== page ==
At that point, Cynthia had some contacts in New York and at University of North Carolina TV, but everyone said no. They didn’t understand what to do with it—was it a cooking show or was it a documentary? But we felt strongly that it was special, so we brought it to South Carolina TV, and they loved it and wanted to take it national to PBS. But for that to happen, we had to make 12 more episodes to create a series. We raised the money locally through economic development groups and a Kickstarter campaign, scraping together just enough to make that first season.
You’ve won a number of awards—notably James Beard Foundation and a Peabody awards—for the series. Are there any particular milestones or accomplishments of which you feel most proud?
I used to be very milestone-oriented. “Oh, if I can get a review by this newspaper or if I can get nominated for this award.” Or, “Oh, if we can just make this first season.” But at this point, I’ve decided that I’m not going to focus on those things and just try and enjoy the journey. Because with every positive milestone comes challenges, too.
What might people be surprised to learn about your job?
I don’t know if this would surprise people, but my day-to-day routine has changed a lot. A year ago, I would have been in my kitchen starting at 9am, prepping for service, expediting and then going home for the night. Instead, I’m in a car with two friends, heading to a bluegrass festival to shake hands and sign autographs. Clearly that’s not every day, but my role in my restaurant is changing as a result—even though, when I get off the phone with you, I’m going to write out the mise en place sheets for some new dishes I’ve developed. I’m still trying to run a restaurant kitchen, so there’s a lot of juggling that goes on [between my two careers].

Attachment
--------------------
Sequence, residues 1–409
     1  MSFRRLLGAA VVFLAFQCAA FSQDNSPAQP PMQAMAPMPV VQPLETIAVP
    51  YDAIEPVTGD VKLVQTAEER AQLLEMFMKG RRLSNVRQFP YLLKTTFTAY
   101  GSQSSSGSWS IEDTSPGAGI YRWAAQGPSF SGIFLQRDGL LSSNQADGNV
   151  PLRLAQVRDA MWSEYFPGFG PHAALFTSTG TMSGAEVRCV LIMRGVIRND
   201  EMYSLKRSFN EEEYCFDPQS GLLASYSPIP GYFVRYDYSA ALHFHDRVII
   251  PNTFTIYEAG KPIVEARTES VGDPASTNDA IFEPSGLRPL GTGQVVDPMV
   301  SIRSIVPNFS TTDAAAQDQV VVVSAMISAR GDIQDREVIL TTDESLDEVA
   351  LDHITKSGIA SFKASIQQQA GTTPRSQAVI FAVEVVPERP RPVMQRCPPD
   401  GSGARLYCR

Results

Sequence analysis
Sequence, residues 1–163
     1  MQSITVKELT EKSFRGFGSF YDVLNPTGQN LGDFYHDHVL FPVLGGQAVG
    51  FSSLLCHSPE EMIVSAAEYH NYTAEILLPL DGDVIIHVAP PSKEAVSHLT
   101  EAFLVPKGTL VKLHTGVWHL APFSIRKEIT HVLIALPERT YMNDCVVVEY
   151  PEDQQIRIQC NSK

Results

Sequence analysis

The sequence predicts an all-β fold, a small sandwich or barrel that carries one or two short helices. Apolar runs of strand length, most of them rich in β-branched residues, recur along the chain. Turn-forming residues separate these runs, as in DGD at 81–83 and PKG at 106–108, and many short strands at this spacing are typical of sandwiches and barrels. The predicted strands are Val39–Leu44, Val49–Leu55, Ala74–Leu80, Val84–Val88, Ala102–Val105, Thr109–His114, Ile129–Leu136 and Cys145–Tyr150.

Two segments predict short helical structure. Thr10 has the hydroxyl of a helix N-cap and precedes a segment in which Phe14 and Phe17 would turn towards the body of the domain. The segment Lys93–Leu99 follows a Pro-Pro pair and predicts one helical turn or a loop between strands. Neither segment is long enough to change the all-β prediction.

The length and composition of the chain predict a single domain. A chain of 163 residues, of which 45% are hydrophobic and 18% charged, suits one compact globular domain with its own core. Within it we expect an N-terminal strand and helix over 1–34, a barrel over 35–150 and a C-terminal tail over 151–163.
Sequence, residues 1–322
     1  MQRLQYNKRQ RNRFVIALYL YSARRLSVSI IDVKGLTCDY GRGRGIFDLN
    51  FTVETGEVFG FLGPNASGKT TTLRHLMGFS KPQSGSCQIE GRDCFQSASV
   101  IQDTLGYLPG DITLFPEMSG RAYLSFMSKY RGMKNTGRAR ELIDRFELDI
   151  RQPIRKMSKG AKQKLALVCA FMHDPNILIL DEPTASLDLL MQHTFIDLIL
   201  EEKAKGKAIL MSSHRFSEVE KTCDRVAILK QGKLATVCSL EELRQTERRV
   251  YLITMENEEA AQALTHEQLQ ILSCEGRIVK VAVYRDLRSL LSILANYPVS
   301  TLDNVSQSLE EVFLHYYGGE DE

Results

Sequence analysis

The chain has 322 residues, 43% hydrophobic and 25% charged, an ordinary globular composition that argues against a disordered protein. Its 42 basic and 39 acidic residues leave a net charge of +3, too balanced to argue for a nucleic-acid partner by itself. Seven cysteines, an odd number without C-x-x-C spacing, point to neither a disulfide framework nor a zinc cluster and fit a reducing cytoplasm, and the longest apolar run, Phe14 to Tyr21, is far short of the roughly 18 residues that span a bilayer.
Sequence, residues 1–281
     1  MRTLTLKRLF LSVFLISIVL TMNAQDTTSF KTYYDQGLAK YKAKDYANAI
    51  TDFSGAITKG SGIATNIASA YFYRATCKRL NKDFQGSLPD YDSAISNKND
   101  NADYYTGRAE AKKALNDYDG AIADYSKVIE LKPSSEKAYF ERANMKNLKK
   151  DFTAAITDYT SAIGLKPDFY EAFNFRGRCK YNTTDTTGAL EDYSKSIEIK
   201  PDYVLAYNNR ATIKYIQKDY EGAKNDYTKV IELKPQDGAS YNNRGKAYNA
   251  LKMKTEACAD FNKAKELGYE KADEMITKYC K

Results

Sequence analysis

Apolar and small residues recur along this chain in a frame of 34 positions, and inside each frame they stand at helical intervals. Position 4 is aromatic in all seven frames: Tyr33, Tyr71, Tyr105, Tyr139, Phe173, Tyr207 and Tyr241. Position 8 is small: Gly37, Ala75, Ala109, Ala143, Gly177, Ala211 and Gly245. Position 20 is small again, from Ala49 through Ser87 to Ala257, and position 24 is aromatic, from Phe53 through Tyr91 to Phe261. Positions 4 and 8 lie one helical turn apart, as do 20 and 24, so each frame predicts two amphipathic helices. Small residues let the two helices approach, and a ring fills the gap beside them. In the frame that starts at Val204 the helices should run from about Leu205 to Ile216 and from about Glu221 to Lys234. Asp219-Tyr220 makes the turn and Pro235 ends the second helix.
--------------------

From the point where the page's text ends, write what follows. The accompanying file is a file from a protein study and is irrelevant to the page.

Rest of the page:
What do you hope the future holds for you, for A Chef’s Life, and for the restaurant?
I would like to see what we’re doing in our community make the community a stronger place—with more economic opportunities, more young people, etc. I want our restaurant and our series to help make eastern North Carolina a place that folks want to travel to and spend time in. On a personal note, I also want to find balance in my life, where I can feel like I’m doing right by my restaurant staff and that I’m doing my best as a mother and a wife. I have no interest in developing a restaurant chain; I want to impact and support those people who are close by.
How would you describe your “culinary voice”?
I believe in cooking food that has a story behind it and integrity to it—food with a very specific sense of place and that people want to eat.
Click here to read about other ICE alumni pursuing careers in the field of food media.